Iran warns to take ‘firm, decisive and proportional response’ if E3 takes unconstructive steps

January 14, 2020 - 20:5

TEHRAN - The Iranian Foreign Ministry spokesman, in a statement on Tuesday, reacted to a decision by the European signatories to the 2015 nuclear deal to activate the “trigger mechanism”, noting that the move will not serve nobody’s interests.

“I have to mention that the three European nations (Britain, France and Germany) have taken a passive measure from a weak position,” Abbas Mousavi said.

“Iran, as always, is prepared to deal with any constructive effort to save the important international agreement,” he said, adding that his country will take “firm, decisive and proportional response” to any unconstructive moves. 

France, Germany and the United Kingdom issued a joint statement on Tuesday, three parties to the JCPOA, announcing they have formally triggered the dispute mechanism in the nuclear deal.

According to Reuters, they said they still want the deal to succeed and were not joining a “maximum pressure” campaign against Iran by the United States, which abandoned the deal in May 2018 and re-imposed sanctions.

Triggering the dispute mechanism could lead eventually to the re-imposition of UN sanctions that were lifted under the agreement. 

U.S. President Donald Trump quit the nuclear deal in May 2018 and introduced the harshest ever sanctions in history on Iran as part of his administration’s “maximum pressure” campaign against Iran.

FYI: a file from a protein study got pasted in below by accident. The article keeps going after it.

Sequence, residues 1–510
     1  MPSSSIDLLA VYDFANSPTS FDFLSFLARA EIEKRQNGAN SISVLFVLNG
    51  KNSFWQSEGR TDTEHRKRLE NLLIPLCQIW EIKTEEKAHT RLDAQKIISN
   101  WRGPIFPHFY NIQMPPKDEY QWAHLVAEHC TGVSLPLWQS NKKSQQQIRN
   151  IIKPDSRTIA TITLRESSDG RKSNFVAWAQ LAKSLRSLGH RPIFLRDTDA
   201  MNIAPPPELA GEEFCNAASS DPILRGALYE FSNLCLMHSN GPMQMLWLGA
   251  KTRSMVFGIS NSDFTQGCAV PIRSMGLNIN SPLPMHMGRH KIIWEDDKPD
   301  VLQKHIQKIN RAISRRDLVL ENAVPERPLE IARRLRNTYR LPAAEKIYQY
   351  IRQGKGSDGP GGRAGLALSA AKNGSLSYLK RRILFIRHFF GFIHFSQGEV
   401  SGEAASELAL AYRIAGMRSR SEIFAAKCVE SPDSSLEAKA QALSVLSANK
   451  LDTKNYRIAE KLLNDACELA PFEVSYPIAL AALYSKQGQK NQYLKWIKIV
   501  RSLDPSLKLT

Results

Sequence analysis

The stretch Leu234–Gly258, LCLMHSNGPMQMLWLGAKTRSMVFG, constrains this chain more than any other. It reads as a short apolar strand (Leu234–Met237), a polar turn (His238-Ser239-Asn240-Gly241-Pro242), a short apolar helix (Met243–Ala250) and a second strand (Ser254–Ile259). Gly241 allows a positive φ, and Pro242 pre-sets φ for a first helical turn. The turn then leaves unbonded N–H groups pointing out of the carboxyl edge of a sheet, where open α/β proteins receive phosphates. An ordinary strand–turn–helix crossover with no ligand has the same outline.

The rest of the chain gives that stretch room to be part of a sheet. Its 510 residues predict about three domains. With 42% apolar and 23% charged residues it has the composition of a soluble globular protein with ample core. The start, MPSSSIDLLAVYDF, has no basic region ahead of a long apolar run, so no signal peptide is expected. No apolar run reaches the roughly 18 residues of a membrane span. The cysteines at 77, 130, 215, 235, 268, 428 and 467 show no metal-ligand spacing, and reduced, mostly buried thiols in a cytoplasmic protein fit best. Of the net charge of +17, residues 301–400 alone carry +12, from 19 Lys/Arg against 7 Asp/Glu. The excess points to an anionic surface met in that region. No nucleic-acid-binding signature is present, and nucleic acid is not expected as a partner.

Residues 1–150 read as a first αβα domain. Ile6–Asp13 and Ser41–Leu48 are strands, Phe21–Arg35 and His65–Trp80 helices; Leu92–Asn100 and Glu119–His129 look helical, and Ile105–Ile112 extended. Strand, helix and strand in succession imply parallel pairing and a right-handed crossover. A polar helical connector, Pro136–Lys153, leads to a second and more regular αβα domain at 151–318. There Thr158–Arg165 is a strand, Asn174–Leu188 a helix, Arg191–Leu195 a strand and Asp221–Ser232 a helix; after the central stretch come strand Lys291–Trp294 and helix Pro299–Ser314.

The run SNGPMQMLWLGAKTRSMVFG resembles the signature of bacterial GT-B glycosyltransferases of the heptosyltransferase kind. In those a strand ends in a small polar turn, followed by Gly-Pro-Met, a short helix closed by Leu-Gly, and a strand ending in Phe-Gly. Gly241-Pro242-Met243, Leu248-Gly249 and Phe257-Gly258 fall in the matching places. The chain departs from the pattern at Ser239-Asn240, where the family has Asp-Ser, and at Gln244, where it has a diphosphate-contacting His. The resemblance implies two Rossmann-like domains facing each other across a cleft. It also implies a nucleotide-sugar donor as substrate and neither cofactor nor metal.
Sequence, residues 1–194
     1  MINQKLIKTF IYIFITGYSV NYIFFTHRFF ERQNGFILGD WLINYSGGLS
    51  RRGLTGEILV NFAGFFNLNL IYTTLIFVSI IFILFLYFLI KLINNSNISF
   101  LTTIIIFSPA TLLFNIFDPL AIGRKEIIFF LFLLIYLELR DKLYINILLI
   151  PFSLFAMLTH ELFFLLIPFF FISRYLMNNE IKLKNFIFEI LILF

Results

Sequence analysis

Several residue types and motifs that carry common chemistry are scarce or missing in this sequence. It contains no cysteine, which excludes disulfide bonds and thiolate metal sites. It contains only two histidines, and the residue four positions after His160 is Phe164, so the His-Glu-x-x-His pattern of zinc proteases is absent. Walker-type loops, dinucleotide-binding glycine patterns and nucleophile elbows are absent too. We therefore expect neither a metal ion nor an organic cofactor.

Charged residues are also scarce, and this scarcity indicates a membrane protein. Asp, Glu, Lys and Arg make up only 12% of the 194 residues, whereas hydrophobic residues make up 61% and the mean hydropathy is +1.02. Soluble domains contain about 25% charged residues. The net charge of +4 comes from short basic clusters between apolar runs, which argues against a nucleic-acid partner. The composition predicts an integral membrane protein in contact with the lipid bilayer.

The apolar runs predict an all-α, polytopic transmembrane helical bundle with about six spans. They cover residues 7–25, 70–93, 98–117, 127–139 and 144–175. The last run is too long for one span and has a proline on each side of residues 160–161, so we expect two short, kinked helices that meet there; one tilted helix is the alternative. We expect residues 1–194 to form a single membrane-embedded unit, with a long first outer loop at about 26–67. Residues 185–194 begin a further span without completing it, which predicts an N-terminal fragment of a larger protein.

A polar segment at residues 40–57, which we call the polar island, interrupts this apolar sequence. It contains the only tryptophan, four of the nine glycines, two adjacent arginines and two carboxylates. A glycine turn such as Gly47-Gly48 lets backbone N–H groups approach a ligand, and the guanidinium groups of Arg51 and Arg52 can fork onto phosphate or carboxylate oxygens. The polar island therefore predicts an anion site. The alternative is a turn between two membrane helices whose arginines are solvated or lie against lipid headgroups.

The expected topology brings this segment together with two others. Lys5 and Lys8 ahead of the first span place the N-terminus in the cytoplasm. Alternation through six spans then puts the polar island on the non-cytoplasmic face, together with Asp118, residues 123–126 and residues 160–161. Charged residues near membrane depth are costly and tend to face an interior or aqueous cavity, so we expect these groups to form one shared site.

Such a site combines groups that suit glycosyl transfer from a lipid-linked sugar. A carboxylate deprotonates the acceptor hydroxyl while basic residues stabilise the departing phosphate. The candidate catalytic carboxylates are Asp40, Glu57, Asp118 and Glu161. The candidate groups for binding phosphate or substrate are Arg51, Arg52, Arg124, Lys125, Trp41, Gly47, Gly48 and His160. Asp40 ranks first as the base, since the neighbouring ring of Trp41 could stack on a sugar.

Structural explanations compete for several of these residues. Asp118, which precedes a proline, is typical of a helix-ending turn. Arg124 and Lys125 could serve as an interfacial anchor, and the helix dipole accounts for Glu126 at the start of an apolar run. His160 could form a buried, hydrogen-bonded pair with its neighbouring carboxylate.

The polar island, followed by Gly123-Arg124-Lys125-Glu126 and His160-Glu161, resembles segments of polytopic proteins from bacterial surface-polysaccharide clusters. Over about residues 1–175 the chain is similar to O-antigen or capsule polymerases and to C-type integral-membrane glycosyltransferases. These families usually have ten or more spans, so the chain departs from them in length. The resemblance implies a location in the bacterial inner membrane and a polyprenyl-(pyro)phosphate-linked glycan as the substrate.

Under the JCPOA, Iran promised to put limits on its nuclear activities in exchange for the termination of economic and financial sanctions.

So far Britain, France, Germany have only paid lip service for the agreement and done nothing concrete to protect Iran’s economy from sanctions. 

On May 8, exactly one year after the U.S. abandoned the deal, Tehran announced that its “strategic patience” is over and began to partially reduce its commitments to the agreement at bi-monthly intervals.

Iran’s moves are based on paragraph 36 of the JCPOA which “allows one side, under certain circumstances, to stop complying with the deal if the other side is out of compliance.”

In the first stage, Iran announced that it will not limit its stockpile of the nuclear fuel to 300 kilograms allowed under the deal. On that date (May 8) Iran’s Supreme National Security Council (SNSC) said if the remaining parties to the JCPOA, especially Europeans, devise a mechanism to protect Iran from the sanctions’ effect in the two-month deadline it will reverse its decision.

But since European parties missed the deadline, on July 7 Iran announced that it has started enriching uranium to a higher purity than the 3.67%, thereby starting the second step.

Again, as Europe missed the second 60-day deadline, Iran moved to take the third step, removing a ban on nuclear research and development (R&D).

In the fourth step, which started on November 6, Iran began injecting uranium gas into 1,044 centrifuges at the Fordow nuclear site. It was done at the presence of inspectors from the International Atomic Energy Agency (IAEA).

In its fifth and final step on January 5, Iran suspended all limits under the JCPOA.


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